Dissertation/Thesis Abstract

Animals, agriculture, and religion among Native Americans in Precontact Illinois: An interdisciplinary analysis of perception and representation
by Aftandilian, Dave, Ph.D., The University of Chicago, 2007, 585; 3287099
Abstract (Summary)

It is often said that by adopting agriculture, humanity took its first and most important step away from nature. Yet such arguments tend to be based more on assumptions extrapolated from current industrial monocultural farming, rather than on specific cases in which peoples transitioned from gathering and hunting to intensive agriculture.

My thesis explores the impact of the transition to intensive agriculture among Native Americans who lived in Illinois from about two thousand years ago (the Hopewell period) until about six hundred years ago (the end of the Mississippian). Specifically, I investigate whether and how the Illinois Mississippians' perceptions of animals changed after they began farming maize intensively. For my primary data, I use artistic representations of animals on artifacts. I compare animal representations made by the earlier Hopewell peoples (who practiced a mix of gathering, hunting, and garden-level horticulture) with those of the later Mississippian farmers. Moreover, I also apply a new, interdisciplinary method that I have developed for studying the meanings of animals in cultural context. This method involves four interrelated steps: formal analysis of the artworks, study of their archaeological contexts, exploring the natural history of the animals depicted, and surveying relevant ethnohistoric and folkloric information on what Native American peoples thought of these animals.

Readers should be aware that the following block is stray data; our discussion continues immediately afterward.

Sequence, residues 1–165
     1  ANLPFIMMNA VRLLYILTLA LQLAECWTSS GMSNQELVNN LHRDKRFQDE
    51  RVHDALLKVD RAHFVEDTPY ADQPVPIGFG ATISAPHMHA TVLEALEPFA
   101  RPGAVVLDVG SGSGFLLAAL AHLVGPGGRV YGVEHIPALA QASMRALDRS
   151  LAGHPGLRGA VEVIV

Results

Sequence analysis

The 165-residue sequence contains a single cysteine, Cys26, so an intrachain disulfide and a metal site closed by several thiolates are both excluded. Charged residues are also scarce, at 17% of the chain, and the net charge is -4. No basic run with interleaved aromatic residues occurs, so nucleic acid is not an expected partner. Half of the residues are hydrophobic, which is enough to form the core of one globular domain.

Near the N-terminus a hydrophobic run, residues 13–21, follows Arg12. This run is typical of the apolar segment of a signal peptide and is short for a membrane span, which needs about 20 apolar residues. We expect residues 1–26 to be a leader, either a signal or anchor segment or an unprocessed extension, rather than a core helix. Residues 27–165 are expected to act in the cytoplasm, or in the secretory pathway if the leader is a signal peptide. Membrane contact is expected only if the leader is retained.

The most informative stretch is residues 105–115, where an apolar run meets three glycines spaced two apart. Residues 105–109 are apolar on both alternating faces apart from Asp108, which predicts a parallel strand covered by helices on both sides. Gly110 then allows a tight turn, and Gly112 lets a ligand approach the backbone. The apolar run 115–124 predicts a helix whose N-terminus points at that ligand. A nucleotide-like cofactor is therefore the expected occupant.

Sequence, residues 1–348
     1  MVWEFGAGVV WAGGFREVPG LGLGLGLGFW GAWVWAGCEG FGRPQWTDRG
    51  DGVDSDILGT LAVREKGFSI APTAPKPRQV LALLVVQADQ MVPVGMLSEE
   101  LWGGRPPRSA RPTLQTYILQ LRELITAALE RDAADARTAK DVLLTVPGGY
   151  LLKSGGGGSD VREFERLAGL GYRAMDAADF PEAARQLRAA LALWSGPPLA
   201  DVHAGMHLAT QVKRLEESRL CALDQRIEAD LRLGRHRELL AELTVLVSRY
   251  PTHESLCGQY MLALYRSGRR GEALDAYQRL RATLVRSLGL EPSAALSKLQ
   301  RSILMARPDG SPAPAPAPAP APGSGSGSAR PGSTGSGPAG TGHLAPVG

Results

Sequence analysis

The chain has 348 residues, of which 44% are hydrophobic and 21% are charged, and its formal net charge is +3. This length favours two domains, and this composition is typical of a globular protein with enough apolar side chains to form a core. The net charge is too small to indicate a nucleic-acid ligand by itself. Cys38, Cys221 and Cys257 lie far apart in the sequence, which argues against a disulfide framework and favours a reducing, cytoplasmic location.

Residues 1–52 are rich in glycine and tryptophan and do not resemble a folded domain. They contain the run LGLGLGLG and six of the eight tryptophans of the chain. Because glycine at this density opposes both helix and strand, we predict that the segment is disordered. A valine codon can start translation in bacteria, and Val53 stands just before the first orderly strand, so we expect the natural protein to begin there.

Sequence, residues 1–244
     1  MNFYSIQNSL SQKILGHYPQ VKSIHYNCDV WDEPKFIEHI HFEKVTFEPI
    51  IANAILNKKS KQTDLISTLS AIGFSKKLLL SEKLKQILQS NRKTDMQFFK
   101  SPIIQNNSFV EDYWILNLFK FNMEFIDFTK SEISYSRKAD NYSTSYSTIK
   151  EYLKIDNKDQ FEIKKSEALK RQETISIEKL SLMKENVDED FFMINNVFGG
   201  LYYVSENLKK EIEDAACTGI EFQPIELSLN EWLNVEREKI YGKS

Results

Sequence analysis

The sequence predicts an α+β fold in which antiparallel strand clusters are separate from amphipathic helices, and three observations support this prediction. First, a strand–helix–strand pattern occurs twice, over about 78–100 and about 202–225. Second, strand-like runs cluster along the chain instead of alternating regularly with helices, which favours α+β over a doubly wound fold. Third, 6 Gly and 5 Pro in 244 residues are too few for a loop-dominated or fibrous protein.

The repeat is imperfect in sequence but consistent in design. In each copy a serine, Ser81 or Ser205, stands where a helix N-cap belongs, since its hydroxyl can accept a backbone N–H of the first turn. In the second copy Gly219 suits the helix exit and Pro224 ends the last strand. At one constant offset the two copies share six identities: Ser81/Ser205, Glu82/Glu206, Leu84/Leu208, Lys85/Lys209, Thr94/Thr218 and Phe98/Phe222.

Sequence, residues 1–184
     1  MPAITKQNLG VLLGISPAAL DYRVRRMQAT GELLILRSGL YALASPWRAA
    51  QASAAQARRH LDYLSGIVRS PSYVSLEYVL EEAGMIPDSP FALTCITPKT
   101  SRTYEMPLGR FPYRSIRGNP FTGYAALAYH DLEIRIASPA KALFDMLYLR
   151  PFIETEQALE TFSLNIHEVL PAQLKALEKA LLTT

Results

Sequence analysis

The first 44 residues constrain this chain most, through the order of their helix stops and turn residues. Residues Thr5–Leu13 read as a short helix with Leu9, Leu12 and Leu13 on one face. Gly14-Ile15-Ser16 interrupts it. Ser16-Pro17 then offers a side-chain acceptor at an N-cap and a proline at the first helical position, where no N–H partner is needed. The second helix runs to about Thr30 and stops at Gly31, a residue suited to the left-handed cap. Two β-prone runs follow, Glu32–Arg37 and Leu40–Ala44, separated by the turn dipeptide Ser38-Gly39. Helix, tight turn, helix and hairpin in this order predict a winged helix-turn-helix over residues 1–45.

I have found that the Illinois Mississippian farmers represented relatively fewer animal species than did the Hopewell peoples. On the other hand, certain animals nevertheless played key roles in Illinois Mississippian worldview and religious rituals. Many of these rituals involved agriculture. For instance, frogs and snakes were called upon to increase agricultural fertility and provide the proper amount of water for the growing crops, while Spider Woman helped bring the fertilizing power of the Sun down from the heavens. But other animals that were represented quite frequently by the Illinois Mississippians seem to have had nothing to do with agriculture, including beavers and owls. My study has shown, then, that while the adoption of intensive maize agriculture did change Illinois Mississippians' relations with animals, farming did not entirely distance them from the natural world. Instead, animals remained central to their religious beliefs.

Indexing (document details)
Advisor: Buikstra, Jane E., Dietler, Michael
Commitee:
School: The University of Chicago
School Location: United States -- Illinois
Source: DAI-A 68/10, Dissertation Abstracts International
Source Type: DISSERTATION
Subjects: Religion, Archaeology, Native Americans, Native studies
Keywords: Agriculture, Animals, Hopewell, Illinois, Mississippian, Native Americans, Precontact, Religion
Publication Number: 3287099
ISBN: 9780549296157